295
295
Cooper, James Fenimore
Estimate
3,0005,000
LOT SOLD. 2,500 USD
JUMP TO LOT
295
Cooper, James Fenimore
Estimate
3,0005,000
LOT SOLD. 2,500 USD
JUMP TO LOT

Details & Cataloguing

THE JAMES S. COPLEY LIBRARY: ARTS & SCIENCES, INCLUDING THE MARK TWAIN COLLECTION

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New York

Cooper, James Fenimore

Two fine literary letters, the second with much commentary on the American scene:


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Catalogue Note

Autograph letter in French signed ("J. Fenimore Cooper"), 1 page (6 1/4 x 4 1/8 in.; 159 x 105 mm), no place, no date [but after 1844], to an unnamed correspondent; a few spots on verso. Red half-morocco clamshell box, gilt-stamped title on spine. Cooper is here offering comments and corrections to a review of or essay on his work in French, referring to (without naming) Afloat and Ashore (1844) which bore an epigraph from Shakespeare's Tempest quoting Prospero to Miranda, he corrects his correspondents spelling: "Nowhere did I name the trapper as Nathaniel Bumpho" [which character does not appear in Afloat] and the use of the word "waters" in the plural to describe the tributaries to a larger body of water: "And so I said it gave us (possession of Louisiana) a thousand roads for internal commerce and to the waters of the Pacific Ocean ..."

Autograph letter signed ("J. Fenimore Cooper"), 3 pages (8 1/2 x 6 7/8 in.; 216 x 175 mm), Cooperstown, New York, 23 October 1850, to Charles Augustus Murray; formerly folded. Maroon cloth folding-case, gilt-stamped title label on spine. A fine letter written on behalf of James Henry Hackett (1800–1871) to his old friend Murray (1806–1895) who was at this time consul-general in Egypt. Hackett was a successful character actor on the New York and London stages, who was considered for a part in Cooper's sole and unsuccessful attempt at playwriting, Upside Down. This letter was given to Hackett to present to Murray in London (and is noted by Beard ed., 6:229, n.2 as "unlocated"). After imparting news of Hackett, Cooper reports on the development of the country: "We are 'progressing' as we Americans call it, at a famous rate. New York must have doubled its population, recently, since you saw it, and it has quadrupled its ... really good houses we built and as would be so considered in any town in Europe ... Taking all together I regard New York as the most remarkable town in the world ... Talking of the dust which is so shortly to be my position [Cooper died the next year], one of the most painful of my recollections of my own travels is the great number of the dead among the acquaintances I made. At one time it really seemed as if to know me was to die. ... My eldest daughter, whom you may remember, has ventured to give the world a book called "Rural Hours." In this country it has done very well. ... There is a good deal of rumbling in our body politic, but I think nothing will come of it just now. The South has too much at stake to ... and every day it loses, increases the disparity of the forces. This acquisition of California hems in slavery, which must finally fall by its own weight. What are we to do with the blacks, God knows, but we shall never amalgamate." He goes on to discuss the importance of gold in expanding business "a circulating medium being the great necessity of America" and devotes a paragraph to a paranormal phenomenon which he calls "the knockings": "All attempts at explanation are failures. They are not confined to one family, or one place, but have been heard in fifty places." He closes "Do not ask Hackett about my comedy, premature damnation being best forgotten."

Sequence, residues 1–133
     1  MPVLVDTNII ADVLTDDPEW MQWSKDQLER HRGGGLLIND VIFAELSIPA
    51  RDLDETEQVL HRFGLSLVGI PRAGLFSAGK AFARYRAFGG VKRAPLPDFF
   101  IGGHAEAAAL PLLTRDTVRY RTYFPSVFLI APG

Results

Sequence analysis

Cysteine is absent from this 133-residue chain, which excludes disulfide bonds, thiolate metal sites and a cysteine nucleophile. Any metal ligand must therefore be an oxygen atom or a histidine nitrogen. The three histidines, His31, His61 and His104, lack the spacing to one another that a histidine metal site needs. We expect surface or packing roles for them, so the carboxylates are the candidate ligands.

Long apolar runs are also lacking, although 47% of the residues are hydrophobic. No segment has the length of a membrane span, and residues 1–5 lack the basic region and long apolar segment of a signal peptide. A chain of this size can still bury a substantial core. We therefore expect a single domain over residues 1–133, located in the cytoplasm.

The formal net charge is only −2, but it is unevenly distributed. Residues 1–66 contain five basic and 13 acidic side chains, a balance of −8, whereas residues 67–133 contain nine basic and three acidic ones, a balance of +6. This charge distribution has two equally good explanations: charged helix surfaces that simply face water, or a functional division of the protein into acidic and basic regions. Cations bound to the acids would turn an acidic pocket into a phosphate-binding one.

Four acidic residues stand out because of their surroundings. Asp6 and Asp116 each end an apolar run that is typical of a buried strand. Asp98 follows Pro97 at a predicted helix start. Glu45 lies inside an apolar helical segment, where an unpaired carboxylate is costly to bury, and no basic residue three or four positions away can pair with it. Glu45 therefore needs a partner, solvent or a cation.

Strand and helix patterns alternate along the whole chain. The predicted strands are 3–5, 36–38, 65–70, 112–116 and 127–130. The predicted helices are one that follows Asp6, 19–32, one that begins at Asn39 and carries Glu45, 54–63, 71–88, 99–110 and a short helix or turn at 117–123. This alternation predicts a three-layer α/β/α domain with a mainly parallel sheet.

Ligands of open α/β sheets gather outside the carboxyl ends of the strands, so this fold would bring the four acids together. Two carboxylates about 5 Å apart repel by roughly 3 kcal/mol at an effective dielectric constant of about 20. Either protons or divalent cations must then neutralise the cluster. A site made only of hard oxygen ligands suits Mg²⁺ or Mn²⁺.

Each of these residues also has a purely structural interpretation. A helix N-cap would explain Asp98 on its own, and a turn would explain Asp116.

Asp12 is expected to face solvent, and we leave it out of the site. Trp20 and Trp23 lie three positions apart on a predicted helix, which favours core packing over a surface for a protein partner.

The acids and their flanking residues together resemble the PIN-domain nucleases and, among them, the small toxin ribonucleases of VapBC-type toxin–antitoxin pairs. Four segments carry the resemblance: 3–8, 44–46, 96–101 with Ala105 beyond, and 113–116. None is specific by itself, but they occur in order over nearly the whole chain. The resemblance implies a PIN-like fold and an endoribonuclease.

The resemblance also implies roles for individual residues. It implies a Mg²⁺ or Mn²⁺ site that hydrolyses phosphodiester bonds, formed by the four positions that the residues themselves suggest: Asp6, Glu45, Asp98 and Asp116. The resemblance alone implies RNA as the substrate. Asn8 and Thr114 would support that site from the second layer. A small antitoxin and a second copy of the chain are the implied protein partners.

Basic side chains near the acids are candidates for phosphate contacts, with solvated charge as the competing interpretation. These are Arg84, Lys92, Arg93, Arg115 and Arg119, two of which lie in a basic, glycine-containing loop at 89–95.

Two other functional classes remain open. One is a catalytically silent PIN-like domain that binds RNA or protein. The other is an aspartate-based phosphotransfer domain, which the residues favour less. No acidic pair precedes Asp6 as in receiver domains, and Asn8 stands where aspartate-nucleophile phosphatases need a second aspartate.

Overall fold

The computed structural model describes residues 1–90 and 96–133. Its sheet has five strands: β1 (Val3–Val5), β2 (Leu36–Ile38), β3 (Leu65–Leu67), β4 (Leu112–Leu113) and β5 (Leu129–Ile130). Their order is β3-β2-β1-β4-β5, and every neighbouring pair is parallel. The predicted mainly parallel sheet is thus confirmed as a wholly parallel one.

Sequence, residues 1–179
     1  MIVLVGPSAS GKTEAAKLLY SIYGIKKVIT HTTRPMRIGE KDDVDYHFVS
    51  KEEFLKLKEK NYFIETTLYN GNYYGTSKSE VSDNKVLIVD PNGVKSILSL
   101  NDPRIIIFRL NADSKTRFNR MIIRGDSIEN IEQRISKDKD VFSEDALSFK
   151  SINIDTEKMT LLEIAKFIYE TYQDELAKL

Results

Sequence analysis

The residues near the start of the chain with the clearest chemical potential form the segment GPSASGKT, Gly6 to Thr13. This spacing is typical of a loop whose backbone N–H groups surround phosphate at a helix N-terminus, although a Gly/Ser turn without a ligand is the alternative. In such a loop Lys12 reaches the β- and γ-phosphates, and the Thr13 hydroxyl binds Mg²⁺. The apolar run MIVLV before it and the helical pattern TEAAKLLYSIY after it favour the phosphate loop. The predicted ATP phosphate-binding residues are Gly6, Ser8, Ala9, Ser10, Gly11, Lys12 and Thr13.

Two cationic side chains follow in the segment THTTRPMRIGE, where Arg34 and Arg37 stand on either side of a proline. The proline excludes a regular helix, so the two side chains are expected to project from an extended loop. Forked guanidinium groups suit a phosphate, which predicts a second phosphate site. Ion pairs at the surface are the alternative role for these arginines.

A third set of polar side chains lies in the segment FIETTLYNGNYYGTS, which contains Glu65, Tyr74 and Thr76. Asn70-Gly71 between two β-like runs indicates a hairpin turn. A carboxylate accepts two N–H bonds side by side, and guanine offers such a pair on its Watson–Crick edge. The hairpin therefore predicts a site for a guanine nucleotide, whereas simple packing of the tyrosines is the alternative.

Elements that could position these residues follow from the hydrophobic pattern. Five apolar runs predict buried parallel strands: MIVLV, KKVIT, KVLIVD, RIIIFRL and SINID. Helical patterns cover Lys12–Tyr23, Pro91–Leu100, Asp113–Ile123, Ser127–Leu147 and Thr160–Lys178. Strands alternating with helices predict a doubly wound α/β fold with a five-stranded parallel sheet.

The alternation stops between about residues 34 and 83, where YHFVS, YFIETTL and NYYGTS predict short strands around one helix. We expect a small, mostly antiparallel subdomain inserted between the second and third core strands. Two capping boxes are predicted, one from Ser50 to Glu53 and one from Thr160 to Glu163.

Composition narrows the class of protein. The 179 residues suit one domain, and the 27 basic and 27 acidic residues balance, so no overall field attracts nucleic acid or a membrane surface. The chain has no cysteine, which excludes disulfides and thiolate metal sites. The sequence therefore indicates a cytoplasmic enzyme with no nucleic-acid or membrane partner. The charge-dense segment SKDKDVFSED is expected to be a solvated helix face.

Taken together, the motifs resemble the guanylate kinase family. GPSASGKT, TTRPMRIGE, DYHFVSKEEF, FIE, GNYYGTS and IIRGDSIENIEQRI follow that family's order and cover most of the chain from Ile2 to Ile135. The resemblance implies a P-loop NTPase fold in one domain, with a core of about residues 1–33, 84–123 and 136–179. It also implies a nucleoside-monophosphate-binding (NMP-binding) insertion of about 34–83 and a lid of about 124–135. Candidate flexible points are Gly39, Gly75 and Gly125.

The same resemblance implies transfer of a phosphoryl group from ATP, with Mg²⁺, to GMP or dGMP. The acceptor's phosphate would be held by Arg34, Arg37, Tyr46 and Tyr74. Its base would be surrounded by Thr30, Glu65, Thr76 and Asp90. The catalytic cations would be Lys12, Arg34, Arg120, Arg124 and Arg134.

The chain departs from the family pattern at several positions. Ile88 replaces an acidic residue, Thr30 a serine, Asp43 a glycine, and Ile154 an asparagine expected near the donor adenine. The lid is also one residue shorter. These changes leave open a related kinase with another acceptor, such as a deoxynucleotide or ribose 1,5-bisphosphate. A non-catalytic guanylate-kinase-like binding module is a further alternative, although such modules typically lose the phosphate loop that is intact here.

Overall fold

THE JAMES S. COPLEY LIBRARY: ARTS & SCIENCES, INCLUDING THE MARK TWAIN COLLECTION

|
New York